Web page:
An Implicitly Directly Additive Demand System: Estimates for Australia
The problem of endowing large applied general equilibrium models with numerical values for parameters is formidable. For example, a complete set of own- and cross-price elasticities of demand for the ORANI model involves 228 squared, or about 60 K items. Invoking the minimal assumptions that demand is generated by utility maximization reduces the load to about 26 K -- obviously still a number much too large for unrestrained econometric estimation. To obtain demand systems estimates for a dozen or so generic commodities at a top level of aggregation (categories like 'food', 'clothing and footwear', ...), typically Johansen's (1960) lead has been followed, and directly additive preferences imposed upon the underlying utility function. With the move beyond one-step linearized solutions of the ORANI model, the functional form of the demand system adopted becomes an issue. The most celebrated of the additive-preference demand systems, Stone's (1954) linear expenditure system (LES), has one drawback for empirical work; namely, the constancy of marginal budget shares (MBSs) -- a liability shared with the Rotterdam system (Barten, 1964, 1968; Theil, 1965, 1967). To get around this, Theil and Clements (1987) used Holbrook Working's (1943) Engel specification in conjunction with additive preferences; unfortunately both Working's formulation and Deaton and Muellbauer's (1980) AIDS have the problem that, under large changes in real incomes, budget shares can stray outside the [0,1] interval. It was such behaviour that led Cooper and McLaren (1987, 1988, 1991, forthcoming 1992) to invent MAIDS, a system with better regularity properties. MAIDS, however, is not globally compatible with any additive preference system. In this paper we specify, and estimate, at the six-commodity level, an implicitly directly additive-preference demand system which allows MBSs to vary as a function of total real expenditure and which is globally regular throughout that part of the the price-expenditure space in which the consumer is at least affluent enough to meet subsistence requirements.
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- Deaton, Angus S & Muellbauer, John, 1980. "An Almost Ideal Demand System," American Economic Review, American Economic Association, vol. 70(3), pages 312-26, June.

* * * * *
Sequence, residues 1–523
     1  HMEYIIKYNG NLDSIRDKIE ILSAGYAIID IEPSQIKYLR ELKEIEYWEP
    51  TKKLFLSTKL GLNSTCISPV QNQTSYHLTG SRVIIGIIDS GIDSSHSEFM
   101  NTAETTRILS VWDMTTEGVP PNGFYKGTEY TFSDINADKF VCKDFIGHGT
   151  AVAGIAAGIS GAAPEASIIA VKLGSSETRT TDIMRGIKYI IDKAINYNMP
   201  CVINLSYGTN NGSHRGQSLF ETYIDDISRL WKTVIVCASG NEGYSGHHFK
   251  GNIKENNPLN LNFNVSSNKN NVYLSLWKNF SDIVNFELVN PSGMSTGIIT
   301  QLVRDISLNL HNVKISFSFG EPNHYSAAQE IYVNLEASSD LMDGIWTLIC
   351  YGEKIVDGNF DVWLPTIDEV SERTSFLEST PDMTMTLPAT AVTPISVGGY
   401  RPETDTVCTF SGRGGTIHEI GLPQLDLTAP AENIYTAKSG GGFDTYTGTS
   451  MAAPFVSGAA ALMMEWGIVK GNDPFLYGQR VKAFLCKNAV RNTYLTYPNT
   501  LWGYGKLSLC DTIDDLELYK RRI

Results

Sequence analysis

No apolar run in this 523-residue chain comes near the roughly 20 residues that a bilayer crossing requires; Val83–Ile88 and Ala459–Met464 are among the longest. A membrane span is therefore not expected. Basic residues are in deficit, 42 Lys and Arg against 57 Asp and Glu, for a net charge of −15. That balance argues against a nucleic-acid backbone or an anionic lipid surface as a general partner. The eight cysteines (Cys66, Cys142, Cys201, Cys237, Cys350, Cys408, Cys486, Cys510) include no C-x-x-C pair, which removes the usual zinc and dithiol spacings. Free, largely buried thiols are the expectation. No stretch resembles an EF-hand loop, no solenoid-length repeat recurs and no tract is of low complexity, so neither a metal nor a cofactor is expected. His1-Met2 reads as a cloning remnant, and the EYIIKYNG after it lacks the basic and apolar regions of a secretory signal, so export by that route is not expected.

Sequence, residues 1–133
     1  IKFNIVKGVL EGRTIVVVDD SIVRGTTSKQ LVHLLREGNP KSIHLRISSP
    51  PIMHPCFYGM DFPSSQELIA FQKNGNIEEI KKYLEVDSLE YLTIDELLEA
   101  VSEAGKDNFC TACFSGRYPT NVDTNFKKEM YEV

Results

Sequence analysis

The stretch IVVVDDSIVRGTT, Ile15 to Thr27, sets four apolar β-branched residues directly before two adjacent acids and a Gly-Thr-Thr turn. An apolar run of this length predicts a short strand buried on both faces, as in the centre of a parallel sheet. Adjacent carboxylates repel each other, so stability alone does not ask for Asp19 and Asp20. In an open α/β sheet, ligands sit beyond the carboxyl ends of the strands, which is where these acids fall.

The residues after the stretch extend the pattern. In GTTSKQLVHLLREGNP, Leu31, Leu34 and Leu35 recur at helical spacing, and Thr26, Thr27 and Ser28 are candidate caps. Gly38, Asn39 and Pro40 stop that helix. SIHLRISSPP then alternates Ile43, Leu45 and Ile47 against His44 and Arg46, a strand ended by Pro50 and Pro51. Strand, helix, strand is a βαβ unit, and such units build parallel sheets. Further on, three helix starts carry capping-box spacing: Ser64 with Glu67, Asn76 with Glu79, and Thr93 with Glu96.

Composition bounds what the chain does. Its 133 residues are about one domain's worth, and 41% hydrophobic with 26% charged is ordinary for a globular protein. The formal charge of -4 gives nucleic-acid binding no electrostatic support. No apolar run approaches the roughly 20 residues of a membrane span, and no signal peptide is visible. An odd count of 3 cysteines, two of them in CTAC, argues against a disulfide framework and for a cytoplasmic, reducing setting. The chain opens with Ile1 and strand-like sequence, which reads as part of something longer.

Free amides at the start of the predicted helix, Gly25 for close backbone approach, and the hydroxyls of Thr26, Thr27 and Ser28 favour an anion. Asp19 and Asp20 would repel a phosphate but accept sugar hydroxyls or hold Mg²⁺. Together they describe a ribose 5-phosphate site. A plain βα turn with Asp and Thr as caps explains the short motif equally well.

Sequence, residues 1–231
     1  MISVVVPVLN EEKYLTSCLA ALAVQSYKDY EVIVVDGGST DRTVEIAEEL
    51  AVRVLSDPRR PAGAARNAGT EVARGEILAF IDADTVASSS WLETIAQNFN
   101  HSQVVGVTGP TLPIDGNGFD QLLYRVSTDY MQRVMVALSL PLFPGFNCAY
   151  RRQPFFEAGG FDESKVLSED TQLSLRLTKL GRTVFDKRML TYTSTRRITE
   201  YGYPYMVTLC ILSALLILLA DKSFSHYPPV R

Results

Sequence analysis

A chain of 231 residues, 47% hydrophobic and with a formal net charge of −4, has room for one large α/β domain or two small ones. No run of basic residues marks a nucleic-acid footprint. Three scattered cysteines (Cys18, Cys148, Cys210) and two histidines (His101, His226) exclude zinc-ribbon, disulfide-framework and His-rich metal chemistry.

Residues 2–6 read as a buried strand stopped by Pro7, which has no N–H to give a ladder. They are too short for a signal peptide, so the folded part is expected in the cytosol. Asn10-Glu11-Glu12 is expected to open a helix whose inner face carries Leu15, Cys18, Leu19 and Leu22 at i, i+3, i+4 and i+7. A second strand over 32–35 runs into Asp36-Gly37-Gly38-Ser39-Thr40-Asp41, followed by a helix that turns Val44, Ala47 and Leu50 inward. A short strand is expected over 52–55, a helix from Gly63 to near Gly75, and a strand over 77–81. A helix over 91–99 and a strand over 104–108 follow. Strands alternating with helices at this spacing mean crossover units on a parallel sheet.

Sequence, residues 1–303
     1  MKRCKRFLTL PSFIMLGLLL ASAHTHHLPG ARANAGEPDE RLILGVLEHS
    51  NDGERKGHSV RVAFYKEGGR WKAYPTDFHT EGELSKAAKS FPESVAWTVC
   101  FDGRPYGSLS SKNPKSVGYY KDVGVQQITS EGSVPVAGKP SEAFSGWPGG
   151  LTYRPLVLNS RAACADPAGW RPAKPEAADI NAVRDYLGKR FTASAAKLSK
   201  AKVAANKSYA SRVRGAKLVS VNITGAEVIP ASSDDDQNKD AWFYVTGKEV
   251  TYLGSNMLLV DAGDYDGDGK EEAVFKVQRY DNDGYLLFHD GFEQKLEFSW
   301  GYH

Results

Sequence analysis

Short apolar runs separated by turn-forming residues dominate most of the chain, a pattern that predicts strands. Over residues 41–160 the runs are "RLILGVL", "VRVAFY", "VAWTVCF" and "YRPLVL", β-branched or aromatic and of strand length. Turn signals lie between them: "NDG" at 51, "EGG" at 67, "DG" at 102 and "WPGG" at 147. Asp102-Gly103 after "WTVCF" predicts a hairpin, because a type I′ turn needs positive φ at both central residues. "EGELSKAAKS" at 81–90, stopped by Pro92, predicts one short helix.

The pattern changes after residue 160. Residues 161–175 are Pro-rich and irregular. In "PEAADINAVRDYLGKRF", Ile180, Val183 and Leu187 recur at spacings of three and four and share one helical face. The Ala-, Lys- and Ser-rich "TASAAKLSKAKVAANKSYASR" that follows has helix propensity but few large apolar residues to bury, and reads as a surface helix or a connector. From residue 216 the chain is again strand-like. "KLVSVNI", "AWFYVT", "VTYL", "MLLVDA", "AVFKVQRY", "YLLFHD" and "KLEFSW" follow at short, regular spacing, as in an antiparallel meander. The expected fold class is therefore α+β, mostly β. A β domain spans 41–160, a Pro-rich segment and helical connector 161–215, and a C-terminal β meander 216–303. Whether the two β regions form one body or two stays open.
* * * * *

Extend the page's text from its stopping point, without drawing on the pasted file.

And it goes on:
- Reinert, Kenneth A. & Roland-Holst, David W., 1992. "Armington elasticities for United States manufacturing sectors," Journal of Policy Modeling, Elsevier, vol. 14(5), pages 631-639, October.
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- Selvanathan, Saroja, 1991. "The Reliability of ML Estimators of Systems of Demand Equations: Evidence from OECD Countries," The Review of Economics and Statistics, MIT Press, vol. 73(2), pages 346-53, May.
- Clements, Kenneth W & Selvanathan, Antony & Selvanathan, Saroja, 1996.
"Applied Demand Analysis: A Survey,"
The Economic Record,
The Economic Society of Australia, vol. 72(216), pages 63-81, March.
- K.R. Pearson, 1991. "Solving Nonlinear Economic Models Accurately Via a Linear Representation," Centre of Policy Studies/IMPACT Centre Working Papers ip-55, Victoria University, Centre of Policy Studies/IMPACT Centre.
- Russel J. Cooper & Keith R. McLaren, 1992. "An Empirically Oriented Demand System with Improved Regularity Properties," Canadian Journal of Economics, Canadian Economics Association, vol. 25(3), pages 652-68, August.
- Deaton, A. S., 1972. "The estimation and testing of systems of dmeand equations: A note," European Economic Review, Elsevier, vol. 3(4), pages 399-411, December.
- Cooper, Russel J & McLaren, Keith R, 1996. "A System of Demand Equations Satisfying Effectively Global Regularity Conditions," The Review of Economics and Statistics, MIT Press, vol. 78(2), pages 359-64, May.
- Hanoch, Giora, 1975. "Production and Demand Models with Direct or Indirect Implicit Additivity," Econometrica, Econometric Society, vol. 43(3), pages 395-419, May.
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